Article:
How to Install and Use ‘yum-utils’ to Maintain Yum and Boost its Performance?

Yum-utils, a collection of utilities that integrate with yum to extend its native features in several ways, thus making it more powerful and easier to use.

 

Installing yum-utils in RHEL/CentOS

 

Yum-utils is included in the base repo (which is enabled by default) so installing it in any Fedora-based distribution is as easy as doing:

# yum update && yum install yum-utils

 

All of the utilities provided by yum-utils are installed automatically with the main package, which we will describe in the next section.

 

Explore Utilities Provided by yum-utils Package

 

The tools provided by yum-utils are listed in its man page:

# man yum-utils

 

Here are 10 of those yum utilities we thought you would be interested in:

 

1. Debug a Package

 

debuginfo-install <package name> installs the debuginfo packages (and their dependencies) required to debug  <package name> in case of a crash or while developing applications that use a certain package.

 

In order to debug a package (or any other executable), we will also need to install gdb (the GNU debugger) and use it to start a program in debugging mode.

 

For example:

# gdb $(which postfix)

 

2. Find Repository of Installed Packages

 

The following command shows which repository the currently installed packages <package 1> <package 2> … <package n> were installed from:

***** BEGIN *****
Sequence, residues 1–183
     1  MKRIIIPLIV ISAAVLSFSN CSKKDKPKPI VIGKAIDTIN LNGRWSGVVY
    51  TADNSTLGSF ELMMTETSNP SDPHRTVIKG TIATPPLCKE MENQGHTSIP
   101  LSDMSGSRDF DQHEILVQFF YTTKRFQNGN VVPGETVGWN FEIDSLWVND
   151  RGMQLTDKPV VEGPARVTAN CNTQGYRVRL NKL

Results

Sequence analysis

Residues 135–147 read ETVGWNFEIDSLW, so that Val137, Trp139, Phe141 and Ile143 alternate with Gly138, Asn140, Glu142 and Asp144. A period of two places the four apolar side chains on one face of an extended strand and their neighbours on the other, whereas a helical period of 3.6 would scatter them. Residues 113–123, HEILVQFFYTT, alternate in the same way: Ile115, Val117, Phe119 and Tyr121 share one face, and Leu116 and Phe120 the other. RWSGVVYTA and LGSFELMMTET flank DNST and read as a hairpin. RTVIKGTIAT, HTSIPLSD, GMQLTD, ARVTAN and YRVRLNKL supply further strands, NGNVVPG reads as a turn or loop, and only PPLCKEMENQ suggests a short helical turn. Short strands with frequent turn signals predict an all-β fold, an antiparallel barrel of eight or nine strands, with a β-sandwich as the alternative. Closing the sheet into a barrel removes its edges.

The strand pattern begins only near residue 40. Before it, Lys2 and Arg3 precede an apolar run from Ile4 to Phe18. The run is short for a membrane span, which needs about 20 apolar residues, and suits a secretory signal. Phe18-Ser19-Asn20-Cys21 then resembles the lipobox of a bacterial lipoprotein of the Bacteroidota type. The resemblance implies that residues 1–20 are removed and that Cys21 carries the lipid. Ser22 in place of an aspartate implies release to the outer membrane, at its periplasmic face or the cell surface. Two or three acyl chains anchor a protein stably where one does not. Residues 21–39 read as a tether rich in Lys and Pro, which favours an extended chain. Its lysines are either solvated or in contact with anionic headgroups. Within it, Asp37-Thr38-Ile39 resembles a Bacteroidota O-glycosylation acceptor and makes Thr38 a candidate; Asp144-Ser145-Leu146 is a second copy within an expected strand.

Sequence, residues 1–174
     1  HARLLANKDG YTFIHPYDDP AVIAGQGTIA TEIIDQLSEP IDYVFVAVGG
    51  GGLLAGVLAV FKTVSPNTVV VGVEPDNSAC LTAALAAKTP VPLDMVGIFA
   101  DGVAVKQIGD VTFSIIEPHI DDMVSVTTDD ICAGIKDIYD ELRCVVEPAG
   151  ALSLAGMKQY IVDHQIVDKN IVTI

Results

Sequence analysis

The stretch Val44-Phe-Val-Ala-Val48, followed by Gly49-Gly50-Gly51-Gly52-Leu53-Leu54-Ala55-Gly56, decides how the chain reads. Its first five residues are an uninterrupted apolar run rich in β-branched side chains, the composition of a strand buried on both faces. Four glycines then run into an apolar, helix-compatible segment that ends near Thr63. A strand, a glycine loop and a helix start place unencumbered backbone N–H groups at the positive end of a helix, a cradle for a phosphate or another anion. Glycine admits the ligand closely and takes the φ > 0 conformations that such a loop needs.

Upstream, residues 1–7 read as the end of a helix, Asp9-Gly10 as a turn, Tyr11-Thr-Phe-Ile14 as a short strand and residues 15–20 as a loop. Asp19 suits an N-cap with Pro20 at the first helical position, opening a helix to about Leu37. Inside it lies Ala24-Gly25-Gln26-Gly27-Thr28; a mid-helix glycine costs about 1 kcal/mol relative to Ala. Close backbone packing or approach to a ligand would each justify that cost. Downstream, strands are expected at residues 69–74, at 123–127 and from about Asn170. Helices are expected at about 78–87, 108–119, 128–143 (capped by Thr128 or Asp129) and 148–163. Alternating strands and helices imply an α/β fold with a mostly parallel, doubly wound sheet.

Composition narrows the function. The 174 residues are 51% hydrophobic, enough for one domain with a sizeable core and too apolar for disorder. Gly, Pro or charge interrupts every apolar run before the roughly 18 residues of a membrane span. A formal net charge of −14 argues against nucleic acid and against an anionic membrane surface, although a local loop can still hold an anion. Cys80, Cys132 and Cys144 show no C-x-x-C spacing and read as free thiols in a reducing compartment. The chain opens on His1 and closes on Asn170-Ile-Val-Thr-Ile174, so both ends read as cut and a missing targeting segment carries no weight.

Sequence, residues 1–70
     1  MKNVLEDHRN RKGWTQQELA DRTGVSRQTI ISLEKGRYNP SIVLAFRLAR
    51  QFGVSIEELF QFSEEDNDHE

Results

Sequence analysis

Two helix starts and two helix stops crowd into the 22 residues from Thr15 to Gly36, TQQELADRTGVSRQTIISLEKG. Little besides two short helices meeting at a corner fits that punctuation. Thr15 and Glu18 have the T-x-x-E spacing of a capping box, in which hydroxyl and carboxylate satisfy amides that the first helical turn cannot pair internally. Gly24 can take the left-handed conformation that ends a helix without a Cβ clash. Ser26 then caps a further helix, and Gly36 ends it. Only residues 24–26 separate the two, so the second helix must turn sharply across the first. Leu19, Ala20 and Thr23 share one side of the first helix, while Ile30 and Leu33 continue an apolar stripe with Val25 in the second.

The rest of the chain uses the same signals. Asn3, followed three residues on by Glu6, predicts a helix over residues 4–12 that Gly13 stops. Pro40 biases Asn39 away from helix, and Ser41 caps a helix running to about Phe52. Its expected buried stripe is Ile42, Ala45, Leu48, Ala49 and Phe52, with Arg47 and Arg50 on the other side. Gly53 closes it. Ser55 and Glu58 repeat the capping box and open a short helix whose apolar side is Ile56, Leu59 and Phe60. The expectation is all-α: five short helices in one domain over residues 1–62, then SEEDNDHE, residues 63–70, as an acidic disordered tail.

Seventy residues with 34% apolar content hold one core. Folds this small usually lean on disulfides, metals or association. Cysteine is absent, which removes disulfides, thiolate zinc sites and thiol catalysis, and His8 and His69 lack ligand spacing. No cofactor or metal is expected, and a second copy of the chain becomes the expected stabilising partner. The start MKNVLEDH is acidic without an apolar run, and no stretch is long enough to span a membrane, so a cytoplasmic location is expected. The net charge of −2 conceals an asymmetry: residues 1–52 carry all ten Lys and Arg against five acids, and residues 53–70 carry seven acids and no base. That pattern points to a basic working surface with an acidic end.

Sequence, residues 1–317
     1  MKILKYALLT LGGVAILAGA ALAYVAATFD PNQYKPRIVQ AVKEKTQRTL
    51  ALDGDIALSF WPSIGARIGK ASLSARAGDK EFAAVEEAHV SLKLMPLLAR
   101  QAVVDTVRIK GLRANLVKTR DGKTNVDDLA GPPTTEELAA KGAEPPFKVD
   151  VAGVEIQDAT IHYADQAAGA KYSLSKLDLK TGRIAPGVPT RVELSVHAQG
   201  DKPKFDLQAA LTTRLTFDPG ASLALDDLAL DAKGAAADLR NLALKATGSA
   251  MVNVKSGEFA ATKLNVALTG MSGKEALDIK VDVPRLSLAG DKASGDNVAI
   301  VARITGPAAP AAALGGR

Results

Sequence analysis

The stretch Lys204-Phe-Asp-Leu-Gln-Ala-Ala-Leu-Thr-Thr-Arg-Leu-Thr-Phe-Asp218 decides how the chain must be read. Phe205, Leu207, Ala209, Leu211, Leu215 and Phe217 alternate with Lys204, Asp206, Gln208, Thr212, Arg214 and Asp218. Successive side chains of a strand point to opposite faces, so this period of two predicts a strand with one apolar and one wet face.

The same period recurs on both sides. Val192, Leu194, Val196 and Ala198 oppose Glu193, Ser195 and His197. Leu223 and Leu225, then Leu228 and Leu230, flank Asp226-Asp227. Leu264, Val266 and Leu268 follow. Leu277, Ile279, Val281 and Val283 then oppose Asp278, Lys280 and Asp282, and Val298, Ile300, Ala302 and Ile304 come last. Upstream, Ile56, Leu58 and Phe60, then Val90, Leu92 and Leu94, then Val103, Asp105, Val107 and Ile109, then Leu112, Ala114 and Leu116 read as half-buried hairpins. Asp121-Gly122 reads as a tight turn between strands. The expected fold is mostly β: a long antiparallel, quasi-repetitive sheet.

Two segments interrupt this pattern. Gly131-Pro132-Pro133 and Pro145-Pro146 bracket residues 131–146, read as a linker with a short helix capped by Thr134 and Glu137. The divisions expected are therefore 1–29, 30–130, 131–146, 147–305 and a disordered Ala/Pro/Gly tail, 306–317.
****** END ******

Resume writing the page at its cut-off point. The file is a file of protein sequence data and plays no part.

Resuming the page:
# find-repos-of-install httpd postfix dovecot

 

3. Remove Duplicate or Orphaned Packages

 

package-cleanup manages package-cleanup, duplicates, orphaned packages (programs installed from a source other than the currently configured repositories) and other dependency inconsistencies, including removing old kernels as shown in the following example:

# package-cleanup --orphans
# package-cleanup --oldkernels

 

4. Find Out Package Dependency List

 

repo-graph returns a full package dependency list in dot format for all of the packages that are available from the configured repositories. Alternatively, repo-graph can return the same information by repository if used with the --repoid=<repo> option.

 

For example, let’s view the dependencies for each package in the updates repository:

# repo-graph --repoid=updates | less

 

In the above command, we are sending the output of repo-graph to less for easier visualization, but you can alternatively redirect it to a local file for later inspection:

 

# repo-graph --repoid=updates > updates-dependencies.txt

In either case, we can see that the iputils package depends on systemd and openssl-libs.

 

5. Check List of Unresolved Dependencies

 

repoclosure reads the metadata of configured repositories, checks dependencies of packages included in them and displays list of unresolved dependencies for each package:

# repoclosure

 

6. How to Check Newest or Oldest Packages in a Directory

 

repomanage queries a directory with rpm packages and returns a list of newest or oldest packages in a directory. This tool can come in handy if you have a directory where you store several .rpm packages of different programs.

 

When executed without arguments, repomanage returns the newest packages. If run with the --old flag, it will return the oldest packages:

# ls -l
# cd rpms
# ls -l rpms
# repomanage rpms

 

7. Query Yum Repositories to Get Information about Package

 

repoquery queries yum repositories and gets additional information on packages, whether they are installed or not (dependencies, files included in the package, and more).